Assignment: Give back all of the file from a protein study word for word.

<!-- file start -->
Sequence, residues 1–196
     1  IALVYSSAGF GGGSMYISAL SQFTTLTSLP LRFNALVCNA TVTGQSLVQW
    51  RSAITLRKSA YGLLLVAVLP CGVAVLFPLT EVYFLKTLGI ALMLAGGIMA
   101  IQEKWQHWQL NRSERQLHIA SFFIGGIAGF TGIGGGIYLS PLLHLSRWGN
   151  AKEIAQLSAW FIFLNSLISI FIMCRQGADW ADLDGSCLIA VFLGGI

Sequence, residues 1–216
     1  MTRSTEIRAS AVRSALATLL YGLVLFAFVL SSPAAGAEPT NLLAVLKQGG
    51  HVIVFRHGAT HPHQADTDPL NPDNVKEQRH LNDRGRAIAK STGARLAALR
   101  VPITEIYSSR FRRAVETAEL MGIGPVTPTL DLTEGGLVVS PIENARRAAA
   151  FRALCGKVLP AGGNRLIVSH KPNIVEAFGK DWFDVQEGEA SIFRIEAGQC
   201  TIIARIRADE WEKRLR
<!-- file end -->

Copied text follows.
Sequence, residues 1–196
     1  IALVYSSAGF GGGSMYISAL SQFTTLTSLP LRFNALVCNA TVTGQSLVQW
    51  RSAITLRKSA YGLLLVAVLP CGVAVLFPLT EVYFLKTLGI ALMLAGGIMA
   101  IQEKWQHWQL NRSERQLHIA SFFIGGIAGF TGIGGGIYLS PLLHLSRWGN
   151  AKEIAQLSAW FIFLNSLISI FIMCRQGADW ADLDGSCLIA VFLGGI

Sequence, residues 1–216
     1  MTRSTEIRAS AVRSALATLL YGLVLFAFVL SSPAAGAEPT NLLAVLKQGG
    51  HVIVFRHGAT HPHQADTDPL NPDNVKEQRH LNDRGRAIAK STGARLAALR
   101  VPITEIYSSR FRRAVETAEL MGIGPVTPTL DLTEGGLVVS PIENARRAAA
   151  FRALCGKVLP AGGNRLIVSH KPNIVEAFGK DWFDVQEGEA SIFRIEAGQC
   201  TIIARIRADE WEKRLR